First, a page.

Established at 216 High Street (the corner of High Street and Bastings Street)in June 1912 by the Northcote Picture Theatre Company, it was opened by Robert McLeish who remained its general manager while he became as well, the President of the Cinematograph Exhibitors' Association and Chairman of the Hoyts Victorian Executive. It was designed by local architect, Edward Twentyman, jnr. and remains perhaps the earliest surviving picture theatre designed in Victoria. It possessed a balcony, stalls, its own electricity generator and a stage which was adaptable for vaudeville. It was the first building to be lighted by electricity. Amalgamated Pictures Ltd supplied the theatre with its silent cinema and the Northcote Mayoral ball was held there in late 1912. It later beacame part of the Hoyts' chain of cinemas. While it was operating as a cinema, it was used as the setting for the film "Night Club" in 1952. The cinema closed in 1960.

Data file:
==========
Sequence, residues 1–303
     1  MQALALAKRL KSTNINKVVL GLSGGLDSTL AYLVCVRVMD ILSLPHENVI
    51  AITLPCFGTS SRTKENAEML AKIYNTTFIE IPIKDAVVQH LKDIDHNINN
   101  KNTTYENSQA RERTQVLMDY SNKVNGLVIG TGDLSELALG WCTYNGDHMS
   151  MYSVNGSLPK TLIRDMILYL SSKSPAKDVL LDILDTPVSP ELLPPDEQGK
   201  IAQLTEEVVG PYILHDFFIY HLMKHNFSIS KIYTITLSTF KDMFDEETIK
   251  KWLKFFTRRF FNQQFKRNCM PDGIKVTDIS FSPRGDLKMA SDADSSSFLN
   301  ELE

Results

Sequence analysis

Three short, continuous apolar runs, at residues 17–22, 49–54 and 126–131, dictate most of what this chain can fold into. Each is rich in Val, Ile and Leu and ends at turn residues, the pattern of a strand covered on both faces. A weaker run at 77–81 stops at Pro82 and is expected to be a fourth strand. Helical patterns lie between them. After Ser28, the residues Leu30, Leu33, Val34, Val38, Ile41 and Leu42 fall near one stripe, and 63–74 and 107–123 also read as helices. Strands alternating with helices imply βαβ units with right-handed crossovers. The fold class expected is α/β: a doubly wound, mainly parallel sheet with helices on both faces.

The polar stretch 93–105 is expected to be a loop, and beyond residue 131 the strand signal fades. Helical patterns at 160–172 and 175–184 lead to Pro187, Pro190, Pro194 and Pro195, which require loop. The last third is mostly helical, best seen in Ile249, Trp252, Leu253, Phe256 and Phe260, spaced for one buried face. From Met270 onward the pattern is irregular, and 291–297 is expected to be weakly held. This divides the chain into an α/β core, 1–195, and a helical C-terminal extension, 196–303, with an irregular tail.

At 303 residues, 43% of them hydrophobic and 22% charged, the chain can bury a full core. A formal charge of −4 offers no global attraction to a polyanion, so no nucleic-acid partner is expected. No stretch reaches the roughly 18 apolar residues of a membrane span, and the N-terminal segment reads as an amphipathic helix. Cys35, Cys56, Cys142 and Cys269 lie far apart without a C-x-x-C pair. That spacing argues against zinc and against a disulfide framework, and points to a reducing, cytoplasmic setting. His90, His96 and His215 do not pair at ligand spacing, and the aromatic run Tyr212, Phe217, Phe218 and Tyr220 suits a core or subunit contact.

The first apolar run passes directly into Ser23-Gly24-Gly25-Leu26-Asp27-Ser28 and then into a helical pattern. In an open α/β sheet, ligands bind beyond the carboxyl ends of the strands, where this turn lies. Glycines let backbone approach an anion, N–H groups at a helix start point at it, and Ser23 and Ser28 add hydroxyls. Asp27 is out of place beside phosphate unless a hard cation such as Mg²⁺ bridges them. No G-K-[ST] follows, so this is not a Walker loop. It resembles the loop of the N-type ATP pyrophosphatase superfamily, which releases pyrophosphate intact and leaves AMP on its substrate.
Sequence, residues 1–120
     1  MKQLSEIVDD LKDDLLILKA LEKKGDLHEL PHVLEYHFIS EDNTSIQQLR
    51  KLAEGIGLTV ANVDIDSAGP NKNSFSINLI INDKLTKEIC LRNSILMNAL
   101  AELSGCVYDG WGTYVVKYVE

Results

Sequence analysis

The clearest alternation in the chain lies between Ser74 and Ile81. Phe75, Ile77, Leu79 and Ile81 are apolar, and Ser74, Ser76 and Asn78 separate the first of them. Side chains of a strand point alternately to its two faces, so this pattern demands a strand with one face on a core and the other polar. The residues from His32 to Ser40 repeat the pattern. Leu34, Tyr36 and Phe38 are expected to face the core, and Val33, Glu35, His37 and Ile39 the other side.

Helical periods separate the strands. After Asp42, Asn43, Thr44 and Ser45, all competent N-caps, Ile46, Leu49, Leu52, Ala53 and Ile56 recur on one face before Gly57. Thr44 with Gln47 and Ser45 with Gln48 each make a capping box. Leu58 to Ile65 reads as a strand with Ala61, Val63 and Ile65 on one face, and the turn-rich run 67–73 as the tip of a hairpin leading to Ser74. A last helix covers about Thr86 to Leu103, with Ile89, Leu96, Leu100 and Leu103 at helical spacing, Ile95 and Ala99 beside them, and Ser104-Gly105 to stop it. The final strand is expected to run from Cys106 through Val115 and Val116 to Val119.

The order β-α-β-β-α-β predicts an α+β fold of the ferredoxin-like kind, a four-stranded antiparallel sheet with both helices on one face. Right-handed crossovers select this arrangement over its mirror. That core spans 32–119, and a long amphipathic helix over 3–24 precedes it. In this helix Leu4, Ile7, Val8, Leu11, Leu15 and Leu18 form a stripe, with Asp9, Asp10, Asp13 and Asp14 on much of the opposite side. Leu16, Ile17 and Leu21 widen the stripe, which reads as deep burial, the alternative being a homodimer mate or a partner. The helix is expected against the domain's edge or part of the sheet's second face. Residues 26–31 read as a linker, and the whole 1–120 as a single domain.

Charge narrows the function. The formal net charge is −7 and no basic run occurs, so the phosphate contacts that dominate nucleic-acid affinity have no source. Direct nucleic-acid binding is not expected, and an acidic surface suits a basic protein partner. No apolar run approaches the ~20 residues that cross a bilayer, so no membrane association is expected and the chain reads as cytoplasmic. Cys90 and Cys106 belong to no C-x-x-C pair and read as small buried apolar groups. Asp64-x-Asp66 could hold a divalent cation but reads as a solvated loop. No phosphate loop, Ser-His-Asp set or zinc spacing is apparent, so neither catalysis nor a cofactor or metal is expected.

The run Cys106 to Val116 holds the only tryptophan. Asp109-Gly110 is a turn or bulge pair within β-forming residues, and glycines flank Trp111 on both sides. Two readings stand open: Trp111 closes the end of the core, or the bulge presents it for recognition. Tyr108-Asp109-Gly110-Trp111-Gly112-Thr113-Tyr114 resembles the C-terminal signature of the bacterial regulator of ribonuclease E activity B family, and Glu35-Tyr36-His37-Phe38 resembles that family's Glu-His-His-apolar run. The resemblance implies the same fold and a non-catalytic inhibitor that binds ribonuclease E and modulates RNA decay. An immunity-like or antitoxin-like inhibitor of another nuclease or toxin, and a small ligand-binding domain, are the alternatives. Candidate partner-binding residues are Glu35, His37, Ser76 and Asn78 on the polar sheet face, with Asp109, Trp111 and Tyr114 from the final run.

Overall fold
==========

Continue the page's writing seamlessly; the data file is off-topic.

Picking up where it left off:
Having been used as a dance studio, it is now used as a Reception Centre, and was used as a pilot for Darebin Council's facade restoration program in 1996. It had been extensively restored inside by the owners and refurbishments strictly considered original character.
Butler, Graeme (1983). City of Northcote Urban Conservation Study.
Northcote Leader. December 4, 1996.
Pike, Andrew and Cooper, Ross (1981). Australian Film 1900-1977. Melbourne : Oxford University Press and AFI.